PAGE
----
Students Practice Eye Safety at Agriculture Awareness Day

Agriculture Awareness Day

Third Graders sporting their Radians Mirage Small safety glasses.

Agriculture is a key component in North Carolina’s income and workforce, particularly in Greene County.  Here, it is their number one industry.  Cotton, peanuts, tobacco, wheat, corn, soy, sweet potatoes, poultry, dairy and livestock help to make up the farming business that is so critical to the county’s survival.  Despite its importance, it seems at least one organization believes that the county’s youth should be much more aware of all that its top industry encompasses.  Thus, in 2012, The Green County Cooperative Extension had its first Agriculture Awareness Day.

On site at a local farm, about 200 third grade students learned about farm safety, nutrition, livestock, soil, insects, poisonous plants, seeds, water and more.  The event was such a hit, they plan to continue this designated day of awareness each year.

Pictured are the third graders sporting their Radians Mirage Small safety glasses from SafetyGlassesUSA.com.

To learn more about The Green County Cooperative Extension, you may click here:

http://greene.ces.ncsu.edu/about/

The Heart Health and Eye Health Connection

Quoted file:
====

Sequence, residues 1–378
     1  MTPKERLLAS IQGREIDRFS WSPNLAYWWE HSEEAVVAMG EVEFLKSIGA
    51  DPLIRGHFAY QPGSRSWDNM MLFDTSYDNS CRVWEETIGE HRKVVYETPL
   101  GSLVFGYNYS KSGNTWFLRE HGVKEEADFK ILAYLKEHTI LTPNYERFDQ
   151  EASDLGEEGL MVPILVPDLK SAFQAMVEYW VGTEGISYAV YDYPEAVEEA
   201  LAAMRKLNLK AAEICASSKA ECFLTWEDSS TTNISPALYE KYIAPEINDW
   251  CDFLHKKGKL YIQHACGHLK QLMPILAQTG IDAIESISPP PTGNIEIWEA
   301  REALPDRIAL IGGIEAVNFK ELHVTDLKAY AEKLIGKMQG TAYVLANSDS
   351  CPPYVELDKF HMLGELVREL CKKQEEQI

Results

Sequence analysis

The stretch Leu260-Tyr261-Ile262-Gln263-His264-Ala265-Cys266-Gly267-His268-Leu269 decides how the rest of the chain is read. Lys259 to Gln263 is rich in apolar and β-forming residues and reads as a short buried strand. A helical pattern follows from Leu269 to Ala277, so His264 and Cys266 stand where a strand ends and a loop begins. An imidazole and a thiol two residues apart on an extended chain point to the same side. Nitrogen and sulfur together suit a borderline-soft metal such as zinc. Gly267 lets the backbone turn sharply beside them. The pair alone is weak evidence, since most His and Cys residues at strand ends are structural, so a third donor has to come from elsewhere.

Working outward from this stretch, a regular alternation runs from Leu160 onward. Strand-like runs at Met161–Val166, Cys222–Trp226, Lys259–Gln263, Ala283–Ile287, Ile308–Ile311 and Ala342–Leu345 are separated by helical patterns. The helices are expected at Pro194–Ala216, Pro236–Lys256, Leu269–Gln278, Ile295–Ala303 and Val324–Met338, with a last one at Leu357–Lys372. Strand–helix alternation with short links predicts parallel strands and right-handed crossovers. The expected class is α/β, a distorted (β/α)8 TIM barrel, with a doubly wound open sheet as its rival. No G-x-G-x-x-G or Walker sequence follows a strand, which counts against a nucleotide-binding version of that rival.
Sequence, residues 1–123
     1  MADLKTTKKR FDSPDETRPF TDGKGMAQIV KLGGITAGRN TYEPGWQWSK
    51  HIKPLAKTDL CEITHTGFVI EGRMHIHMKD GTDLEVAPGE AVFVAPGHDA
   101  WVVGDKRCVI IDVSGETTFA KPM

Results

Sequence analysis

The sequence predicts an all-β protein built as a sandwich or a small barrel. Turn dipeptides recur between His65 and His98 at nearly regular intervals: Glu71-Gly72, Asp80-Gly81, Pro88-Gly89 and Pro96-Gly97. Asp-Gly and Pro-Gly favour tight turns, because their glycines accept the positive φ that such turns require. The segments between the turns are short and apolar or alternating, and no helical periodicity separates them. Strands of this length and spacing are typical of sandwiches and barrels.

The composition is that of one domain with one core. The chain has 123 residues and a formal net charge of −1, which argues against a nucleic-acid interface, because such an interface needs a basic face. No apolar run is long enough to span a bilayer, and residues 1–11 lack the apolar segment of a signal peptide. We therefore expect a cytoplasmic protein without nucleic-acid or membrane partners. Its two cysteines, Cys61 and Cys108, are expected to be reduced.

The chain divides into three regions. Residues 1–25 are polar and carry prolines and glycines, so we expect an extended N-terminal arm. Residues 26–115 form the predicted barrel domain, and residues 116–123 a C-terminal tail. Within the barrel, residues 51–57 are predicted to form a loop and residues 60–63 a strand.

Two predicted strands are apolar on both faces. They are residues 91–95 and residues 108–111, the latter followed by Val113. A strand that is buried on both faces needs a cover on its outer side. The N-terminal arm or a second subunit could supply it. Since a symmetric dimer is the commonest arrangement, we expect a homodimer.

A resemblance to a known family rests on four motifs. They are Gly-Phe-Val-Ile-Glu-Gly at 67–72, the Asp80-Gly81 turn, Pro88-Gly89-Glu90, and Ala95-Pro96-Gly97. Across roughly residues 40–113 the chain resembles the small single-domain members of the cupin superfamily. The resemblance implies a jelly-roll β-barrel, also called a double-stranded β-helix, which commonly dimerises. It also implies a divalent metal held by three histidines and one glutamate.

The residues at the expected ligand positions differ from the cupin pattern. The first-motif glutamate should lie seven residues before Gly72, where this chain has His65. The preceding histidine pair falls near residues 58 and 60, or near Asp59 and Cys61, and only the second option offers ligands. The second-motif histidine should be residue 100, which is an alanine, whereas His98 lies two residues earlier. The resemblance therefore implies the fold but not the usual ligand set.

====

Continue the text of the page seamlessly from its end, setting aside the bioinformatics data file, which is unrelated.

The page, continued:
Eye HealthOur bodies give us many external indications of internal conditions. The ways our eyes show the health of our hearts provide one terrific example of this. In celebration of Heart Health Month, let’s explore this connection further as well as consider how keeping eyes healthy contributes to a healthier heart.

High blood pressure and diabetes cause damage to blood vessels throughout the body, including to those in the eyes. For this reason, eye doctors may be able to sight a heart problem by examining the retina during a routine eye exam. So, not only can a regular eye exam lead to early detection of eye diseases such as glaucoma, Harvard Health says it can also lead to early detection of deeper problems such as a variety of heart problems as well as diabetes.

Because only a trained ocular physician can see many indications of the more serious problems, regular, comprehensive eye exams are essential. By age 40, everyone should have a comprehensive eye exam that checks for systemic problems as indicated by the eyes. Those with a family history of eye disease should receive them sooner rather than later.

While some of the more serious diseases can only be seen through eye examination by a trained physician, there are some eye indications that everyone should be aware of an on the lookout for.

What Your Eyes Say About Your Heart also includes signs that anyone can see. Those signs include bloody or bulging eyes, droopy eyelid, rings on the cornea and thickening eyelid. These and many other visual clues can be indications of a slew of more significant problems such as high blood pressure, thyroid disease and hereditary disorders.

Additional connection between eye health and heart health lies with the importance of healthy lifestyle for both heart and eyes. Turns out that what is healthy for the eyes, is healthy for the heart and vice versa. In fact, you can Put Your Eyes On A Diet as well as Exercise Your Eyes and at the same time receive whole-body benefit, including a tremendous benefit for your heart.